Louis Bennison Takes Leading Role in Tuneful Production of "Dere Mable," By Edward Streeter and John Hodges.

For the benefit of its readers who frequent the theatres in Boston, the CRIMSON will hereafter publish on Wednesday mornings reviews of the plays which come to Boston. In addition to criticism, the dramatic column will contain jottings of interest to theatre goers.

With Elsie Janis and her gang hurrying off on their tour, "Bill" and "Mable" have come to the Tremont for a limited engagement in "Dere Mable," a musical comedy by Edward streeter and John Hodges. It is "the Same old Bill" that we read about in "Dere Mable" books, admirably taken by Louis Bennison. For two acts, the audience has fears that Bill, with his head turned by hero-worship, will never be the same again, but a little rough treatment by his prospective employers brings him to realize that the can't "live on medals," and he goes back to Philopolis sufficiently humbled to satisfy the most exacting.

After the tremendous success of his books, Mr. Streeter's ambition to put on the stage the further adventures of Bill is tempting the Gods--for every reader of "Dere Mable" will expect Bill and Mable to be just as he imagined them. A great deal of disappointment is inevitable under such conditions, but the splendid characterizations, especially by Mr. Bennison, and Mr. Wolsey, who takes the part of Angus, warrant the success of the production. In the words of Bill, "A good time was had by all" at the Tremont last night.

The story is of the return to America of Bill, who is a war hero due to his stumbling upon the heart of the German spy system while hunting for his dog "Harold" (shown in the movies before the curtain rises). The flattery of the delegation which meets him quite goes to Bill's head, in spite of the fact that he is disappointed when he learns it is from the mayor," as he doesn't "want anything more to do with horses." Fortunately Mable isn't neglected for long, and the audience is spared wasting sympathy over there plight, because a naval aviator, Jack Wing, keeps here from getting lonely while Gwendolyn, the step-daughter of the rich Mrs. Pettigrew, is pursuing Bill at a Long Island country club. For a short time, the audience can only pin their faith on the author to bring Bill and Mable together, because they are so far separated that there seems no power but the exigencies of the playwright hard put for a quick ending to cut the Gordian knot. But no one is disappointed, for Bill, brought to his senses by several refusals of work, walk the 256 miles back to Philopolis in true Prodigal son fashion, where Mable soon joins him. She has come to a rather ingenuous agreement with Wing on the basis that she will always love Bill better, and welcomes here old lover to the "little cottage with the green shutters."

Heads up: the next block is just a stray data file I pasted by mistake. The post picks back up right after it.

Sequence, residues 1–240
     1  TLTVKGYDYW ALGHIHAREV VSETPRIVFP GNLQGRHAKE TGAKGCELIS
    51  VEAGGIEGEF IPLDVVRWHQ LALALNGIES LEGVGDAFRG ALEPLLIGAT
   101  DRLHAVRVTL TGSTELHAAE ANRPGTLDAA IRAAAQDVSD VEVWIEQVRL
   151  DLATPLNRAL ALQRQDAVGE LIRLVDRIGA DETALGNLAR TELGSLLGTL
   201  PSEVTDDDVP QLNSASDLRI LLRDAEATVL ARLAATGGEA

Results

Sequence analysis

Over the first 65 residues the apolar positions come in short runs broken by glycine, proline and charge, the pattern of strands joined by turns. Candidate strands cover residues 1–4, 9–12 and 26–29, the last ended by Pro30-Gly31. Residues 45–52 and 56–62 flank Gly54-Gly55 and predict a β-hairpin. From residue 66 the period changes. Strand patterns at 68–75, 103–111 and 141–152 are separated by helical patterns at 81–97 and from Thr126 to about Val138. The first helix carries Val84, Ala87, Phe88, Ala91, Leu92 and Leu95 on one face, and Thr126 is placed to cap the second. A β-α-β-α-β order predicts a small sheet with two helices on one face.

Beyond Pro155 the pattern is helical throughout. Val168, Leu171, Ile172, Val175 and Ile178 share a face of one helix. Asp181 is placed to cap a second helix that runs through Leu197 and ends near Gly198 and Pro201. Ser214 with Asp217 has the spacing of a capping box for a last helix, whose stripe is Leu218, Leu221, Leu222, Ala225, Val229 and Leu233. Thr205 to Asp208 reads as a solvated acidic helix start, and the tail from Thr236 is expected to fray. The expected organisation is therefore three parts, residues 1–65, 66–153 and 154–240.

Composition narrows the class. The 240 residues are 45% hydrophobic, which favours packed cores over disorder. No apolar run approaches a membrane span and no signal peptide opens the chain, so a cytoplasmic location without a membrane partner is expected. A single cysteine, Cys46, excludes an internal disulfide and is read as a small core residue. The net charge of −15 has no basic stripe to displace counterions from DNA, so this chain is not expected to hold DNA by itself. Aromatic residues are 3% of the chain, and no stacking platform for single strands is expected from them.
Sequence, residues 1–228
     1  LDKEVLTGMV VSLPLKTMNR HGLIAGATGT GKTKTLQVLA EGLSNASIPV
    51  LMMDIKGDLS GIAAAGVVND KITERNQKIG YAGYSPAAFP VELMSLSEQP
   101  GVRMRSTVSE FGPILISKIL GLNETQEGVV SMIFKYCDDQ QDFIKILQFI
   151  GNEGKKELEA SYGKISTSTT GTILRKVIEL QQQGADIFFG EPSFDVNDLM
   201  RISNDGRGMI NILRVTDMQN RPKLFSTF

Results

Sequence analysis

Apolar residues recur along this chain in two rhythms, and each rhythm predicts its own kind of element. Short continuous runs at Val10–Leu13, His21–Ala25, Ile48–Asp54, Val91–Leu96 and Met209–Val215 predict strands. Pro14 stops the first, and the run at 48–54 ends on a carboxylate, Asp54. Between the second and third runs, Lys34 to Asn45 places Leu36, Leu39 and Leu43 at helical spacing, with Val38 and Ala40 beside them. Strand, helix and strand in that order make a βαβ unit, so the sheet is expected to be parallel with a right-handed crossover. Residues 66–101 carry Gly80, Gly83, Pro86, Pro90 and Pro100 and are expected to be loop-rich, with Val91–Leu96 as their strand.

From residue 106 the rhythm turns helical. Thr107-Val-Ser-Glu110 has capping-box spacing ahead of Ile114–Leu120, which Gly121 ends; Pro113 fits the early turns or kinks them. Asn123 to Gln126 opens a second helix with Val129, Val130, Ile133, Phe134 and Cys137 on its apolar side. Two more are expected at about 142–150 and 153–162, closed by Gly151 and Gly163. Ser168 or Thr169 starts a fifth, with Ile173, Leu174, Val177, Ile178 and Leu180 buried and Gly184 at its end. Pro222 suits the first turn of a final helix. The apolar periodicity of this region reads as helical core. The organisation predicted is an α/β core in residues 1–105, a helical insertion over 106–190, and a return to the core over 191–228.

To play the part of a national character like Bill in a way which will satisfy the millions of readers of "Dere Mable" is no easy task, but Mr. Bennison lives up to the specifications of the most exacting spectator. Fern Rogers as "Mable" has a little difficulty with some of the songs, but acts well and is admirably suited for the part. Robert Wolsey, as "Angus," Bill's buddy, is the most entertaining character in the play, and adds life and interest whenever he is on the stage. Elizabeth Hines makes an unusually attractive "Gwendolyn."


The music, which is all new to Boston audiences, is catchy and pleasing. "That's What They Like About Me," "When Love Comes Knocking at Your Heart," and "Mademoiselle Bon Nuit," would all become favorites if they were sung a little better. Most of the jokes are familiar to readers of "Dere Mable," but that in no way detracts from their bright, clean humor.